Anton Mesmer (1734-1815) was the first to explain hysteria in a physiological way. He believed that hysteria was a direct result of a disturbed distribution of the magnetic fluid present in all humans. He appears to have been the first to document the possibility that hysterical symptoms could be present in men and women. Mesmer’s treatment for hysteria involved touching his patients with rods, which he said transmitted a magnetic force called animal magnetism from his body to the patient. He believed that this force of animal magnetism was capable of rearranging the patient’s fluids to result in healthy functioning, and thereby curing the condition of hysteria. With our knowledge today, it is widely believed that Mesmer’s approach was a predecessor of hypnotism due to his convincing manner of describing his techniques to his patients and his strong suggestions of recovery. Although Mesmer’s techniques resulted in improvement and documented cures of many of his patients, his theories and techniques were not respected by other health professionals at the time.

With the development of the railroad in the mid 1800’s, there was also an increase in accidents and death with this initially dangerous mode of transportation. Lerner (2003) found statistics of injuries related to the railway in the United States in 1889: one out of every 117 train workers was killed and one out of every 12 workers was injured. In addition, passengers and bystanders were involved in train collisions and derailings, which in that time were common. Some accident victims seemed to complain of common symptoms such as headaches, dizziness, paralysis, and general disinterest and listlessness with no apparent physical cause. In 1866, an English physician, John Eric Erichsen (1818-1896) published several cases of this condition and coined the term “railway spine”. In addition to the above mentioned symptoms, he wrote about memory loss, confusion, diminished business aptitude, ill temper, sleep disorders, sensory impairment, attitude changes, loss of motor power, numbness and sexual impotence. Although these symptoms paralleled those of hysteria, Erichsen chose the new label of railway spine since it was previously believed that only women were inflicted with hysteria and most of his patients related to the railroad were men.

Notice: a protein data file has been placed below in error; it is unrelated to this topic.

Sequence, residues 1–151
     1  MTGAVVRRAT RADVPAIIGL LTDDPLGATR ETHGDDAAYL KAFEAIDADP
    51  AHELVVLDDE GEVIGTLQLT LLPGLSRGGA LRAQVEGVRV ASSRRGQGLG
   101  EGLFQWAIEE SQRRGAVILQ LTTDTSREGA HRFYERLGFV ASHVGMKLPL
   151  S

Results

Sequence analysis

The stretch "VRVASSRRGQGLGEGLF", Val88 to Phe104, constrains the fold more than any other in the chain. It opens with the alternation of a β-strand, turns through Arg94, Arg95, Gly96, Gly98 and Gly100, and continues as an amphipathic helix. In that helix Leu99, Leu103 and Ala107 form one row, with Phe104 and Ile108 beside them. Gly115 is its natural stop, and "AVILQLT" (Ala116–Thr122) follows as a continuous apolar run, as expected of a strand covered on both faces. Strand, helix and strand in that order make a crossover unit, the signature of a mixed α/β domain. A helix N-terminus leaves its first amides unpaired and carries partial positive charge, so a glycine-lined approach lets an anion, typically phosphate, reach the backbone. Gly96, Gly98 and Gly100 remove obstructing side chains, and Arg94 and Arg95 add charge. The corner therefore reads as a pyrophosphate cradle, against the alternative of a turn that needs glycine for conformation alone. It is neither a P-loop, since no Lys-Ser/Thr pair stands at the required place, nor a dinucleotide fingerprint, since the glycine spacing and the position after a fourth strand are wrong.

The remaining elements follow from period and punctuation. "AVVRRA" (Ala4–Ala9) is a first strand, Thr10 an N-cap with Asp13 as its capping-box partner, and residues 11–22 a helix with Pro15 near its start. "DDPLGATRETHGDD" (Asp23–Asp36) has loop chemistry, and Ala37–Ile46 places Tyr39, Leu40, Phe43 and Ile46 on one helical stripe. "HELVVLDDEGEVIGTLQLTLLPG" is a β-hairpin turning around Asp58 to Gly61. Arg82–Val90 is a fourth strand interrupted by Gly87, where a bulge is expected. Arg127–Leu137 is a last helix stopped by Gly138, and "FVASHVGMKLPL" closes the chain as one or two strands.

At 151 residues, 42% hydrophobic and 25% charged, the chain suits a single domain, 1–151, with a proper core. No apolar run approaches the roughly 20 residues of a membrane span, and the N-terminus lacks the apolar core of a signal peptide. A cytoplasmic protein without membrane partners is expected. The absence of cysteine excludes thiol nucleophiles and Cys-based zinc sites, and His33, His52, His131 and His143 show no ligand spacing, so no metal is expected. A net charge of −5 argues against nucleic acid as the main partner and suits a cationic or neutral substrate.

With increasing numbers of mental health diagnoses related to trauma, treatment for these symptoms was in high demand. Jean-Martin Charcot (1825-1893) was a neurologist who believed that hypnotism was of value in treating hysterics. Originally, his theories on hysteria were somatic in nature. Over time, he adjusted his original theories to include psychological factors. Additionally, in 1882, he began treating cases of hysteria in male patients, which he reported were growing in large numbers. He described symptoms in these males as motor and sensory disturbances due to railroad accidents, workplace accidents, and service in war. He believed that these symptoms were directly related to a traumatic stimulus in those individuals who had an inherited, constitutional disposition.

As stated earlier, symptoms of hysteria were not initially believed to be inflictions of men. However, with men fighting in the frontlines of World War I where they took the lives of the opposition, witnessed violent deaths of their fellow soldiers, and often narrowly escaped death themselves, it is not surprising that many soldiers began demonstrating symptoms of what was then know as hysteria. Soldiers were documented as suffering from symptoms such as debilitating shakes, stutters, tics and tremors, disorders of sight, hearing, and gait (Lerner, 2003). Although there is evidence of other problems during other wars, the sheer number of soldiers with these inflictions caught medical authorities unprepared and therefore drew much attention. Since it was thought unfitting to diagnose these men with a woman’s illness, new labels were created to describe these combinations of symptoms as listed earlier. Many features of what is now called post-traumatic stress disorder were well-described in literary form during this time, such The Red Badge of Courage. However, it wasn’t until World War II that there was a creation of a formal diagnostic category. World War II had brought together soldiers, psychiatrists and other medical personnel, and they discovered that they did not always have a common vocabulary to discuss syndromes and diagnoses.